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All Good Things

Ending is always difficult. I am reminded of this painful fact as my time with NAMI Iowa comes to a close after a twelve-week internship I spent with them over the summer. My first-day-jitters quickly dissipated as I got to know my coworkers and learn about my responsibilities, and I quickly settled into my new surroundings. Very quickly, the location in the office where I worked became “my space”, and everything suddenly felt more comfortable. Now, it’s ending and I am heading back to Grinnell College for my fourth and final year. Another ending. Another painful transition. But my time with NAMI Iowa has been anything but painful, and the relationships I have made here, along with the products of my work, assure me that I am returning to important things at Grinnell and will continue to make meaningful change after I graduate.

There are two main products from this summer that will outlast my position here. One is an advocacy workbook that describes how Affiliates, or anyone interested, can advocate for an issue that is important to them. The book includes explanations for different mediums, such as how to advocate online, in newspapers, and in-person, and includes tips for how to make your message as effective as possible. Although the book is aimed at helping our Affiliates, anyone can use it! The strategies inside are not useful only for mental health advocacy; they can be applied when advocating on behalf of any issue. Further, my hope is that the workbook will be helpful to new advocates as they learn the ropes and can help seasoned activists with its tips and items to remember.

The second product is more internally-focused, meaning that the most benefit will go to the work of NAMI Iowa and the Affiliates directly. NAMI has a difficult organizational structure to understand, especially when the chapters are working side-by-side. It can be unclear where a local Affiliate needs to step up and when the State office should take a supporting role. Working effectively requires communication, trust, and frequent adjustments and check-ins to ensure that everyone involved feels they are able and equipped to do the work required of them. I sought to address this by making calls to all of our Affiliate leaders and asking them many questions about their relationship with the State office. What were we doing that worked? What could we improve on? How do you feel about the scope of your duties? These questions and many others then went into an assessment on the state of the relationships between NAMI Iowa and the Affiliates in Iowa and the relationships between the Affiliates themselves. I wrote a “white paper” on the subject, and it describes the background of the problem and how it came to be, why it is a problem, and some potential solutions. This was the more difficult task of the two because creating change in an organization is hard. Many of the expectations and behaviors I heard of were created and cemented over several years, so they could not be fixed in one summer. Hopefully, this paper can act as a guide for how positive change in NAMI’s operations can occur after I’m gone.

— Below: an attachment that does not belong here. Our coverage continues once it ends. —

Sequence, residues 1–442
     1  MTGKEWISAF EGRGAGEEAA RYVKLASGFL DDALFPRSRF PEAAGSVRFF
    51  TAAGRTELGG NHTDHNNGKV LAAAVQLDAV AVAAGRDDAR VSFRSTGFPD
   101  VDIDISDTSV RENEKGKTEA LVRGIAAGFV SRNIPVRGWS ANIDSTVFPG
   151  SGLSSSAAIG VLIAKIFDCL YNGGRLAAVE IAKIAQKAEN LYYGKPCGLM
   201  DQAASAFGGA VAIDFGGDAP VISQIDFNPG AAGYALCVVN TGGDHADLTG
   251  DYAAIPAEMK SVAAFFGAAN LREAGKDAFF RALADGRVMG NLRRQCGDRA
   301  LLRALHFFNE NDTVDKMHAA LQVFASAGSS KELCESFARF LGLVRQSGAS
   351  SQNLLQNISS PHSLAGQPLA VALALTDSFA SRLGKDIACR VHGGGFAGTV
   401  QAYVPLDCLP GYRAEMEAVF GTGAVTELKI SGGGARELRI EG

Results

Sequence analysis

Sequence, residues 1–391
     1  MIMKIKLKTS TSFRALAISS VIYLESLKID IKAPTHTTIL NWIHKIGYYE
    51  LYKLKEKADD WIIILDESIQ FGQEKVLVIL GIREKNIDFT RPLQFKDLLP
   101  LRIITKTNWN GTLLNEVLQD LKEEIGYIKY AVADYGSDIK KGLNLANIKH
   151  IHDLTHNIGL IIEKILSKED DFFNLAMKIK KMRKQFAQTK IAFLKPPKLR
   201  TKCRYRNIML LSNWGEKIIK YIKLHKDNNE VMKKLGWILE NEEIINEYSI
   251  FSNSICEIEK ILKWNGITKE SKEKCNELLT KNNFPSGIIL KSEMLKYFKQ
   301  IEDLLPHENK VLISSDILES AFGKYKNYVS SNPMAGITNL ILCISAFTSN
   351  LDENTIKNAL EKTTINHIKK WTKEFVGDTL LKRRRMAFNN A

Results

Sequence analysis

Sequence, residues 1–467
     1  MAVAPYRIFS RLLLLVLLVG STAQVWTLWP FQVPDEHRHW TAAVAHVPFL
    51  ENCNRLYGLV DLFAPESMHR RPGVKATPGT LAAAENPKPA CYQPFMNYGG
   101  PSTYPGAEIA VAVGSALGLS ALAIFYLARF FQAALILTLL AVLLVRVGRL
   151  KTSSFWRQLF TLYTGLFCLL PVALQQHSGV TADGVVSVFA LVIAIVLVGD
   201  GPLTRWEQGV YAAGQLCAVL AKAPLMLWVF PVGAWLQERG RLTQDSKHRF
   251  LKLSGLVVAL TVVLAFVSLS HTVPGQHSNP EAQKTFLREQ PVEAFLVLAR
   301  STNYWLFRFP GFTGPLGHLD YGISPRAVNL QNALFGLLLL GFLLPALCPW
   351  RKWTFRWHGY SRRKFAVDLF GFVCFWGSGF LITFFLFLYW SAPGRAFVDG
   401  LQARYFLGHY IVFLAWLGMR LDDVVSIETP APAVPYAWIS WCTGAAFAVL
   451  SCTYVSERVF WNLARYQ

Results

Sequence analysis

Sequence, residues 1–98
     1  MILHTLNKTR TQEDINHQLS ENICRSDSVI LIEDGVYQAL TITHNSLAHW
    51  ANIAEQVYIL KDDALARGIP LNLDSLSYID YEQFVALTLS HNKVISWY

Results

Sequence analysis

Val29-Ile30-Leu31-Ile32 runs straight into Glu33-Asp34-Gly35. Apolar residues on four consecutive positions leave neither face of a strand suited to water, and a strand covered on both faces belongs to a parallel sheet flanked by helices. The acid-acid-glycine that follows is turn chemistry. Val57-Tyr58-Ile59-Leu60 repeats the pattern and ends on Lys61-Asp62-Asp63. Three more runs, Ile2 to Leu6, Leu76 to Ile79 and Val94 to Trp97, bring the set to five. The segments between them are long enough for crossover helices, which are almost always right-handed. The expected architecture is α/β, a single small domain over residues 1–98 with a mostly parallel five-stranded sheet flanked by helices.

Outside of my daily work, this summer has been very educational. Our Executive Director Peggy Huppert allowed me to accompany her to several meetings and see firsthand how advocacy and policy works in the world! I was able to see how to build a coalition, create a strategic plan for organizational change, and meet gubernatorial candidates, among other things. Peggy also helped me connect with several professionals working in Des Moines who were happy to give me career advice and ask about my own goals and aspirations. These talks and new relationships were enlightening and have given me a lot to consider as I finish my time at Grinnell and start to look for what comes next.

Where does all of this leave me? I’m not entirely sure. Classes will start again in two weeks and then I won’t be able to focus on my career and professional development as much. A little farther out, NAMI Iowa will be heavily involved with the legislative session and will be lobbying and advocating to improve the policies that affect the hundreds of thousands of Iowans who live with or are affected by mental illness. As for where we are now, I hope that both I and NAMI Iowa benefited from our time together. I can’t wait to see where they, and I, go after this.

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